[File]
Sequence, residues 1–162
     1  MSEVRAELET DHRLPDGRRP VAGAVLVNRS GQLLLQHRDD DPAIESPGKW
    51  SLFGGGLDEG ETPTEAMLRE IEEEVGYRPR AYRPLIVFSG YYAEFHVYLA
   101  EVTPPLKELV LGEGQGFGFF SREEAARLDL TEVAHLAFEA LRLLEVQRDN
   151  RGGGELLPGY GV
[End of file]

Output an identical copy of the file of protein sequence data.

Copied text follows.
Sequence, residues 1–162
     1  MSEVRAELET DHRLPDGRRP VAGAVLVNRS GQLLLQHRDD DPAIESPGKW
    51  SLFGGGLDEG ETPTEAMLRE IEEEVGYRPR AYRPLIVFSG YYAEFHVYLA
   101  EVTPPLKELV LGEGQGFGFF SREEAARLDL TEVAHLAFEA LRLLEVQRDN
   151  RGGGELLPGY GV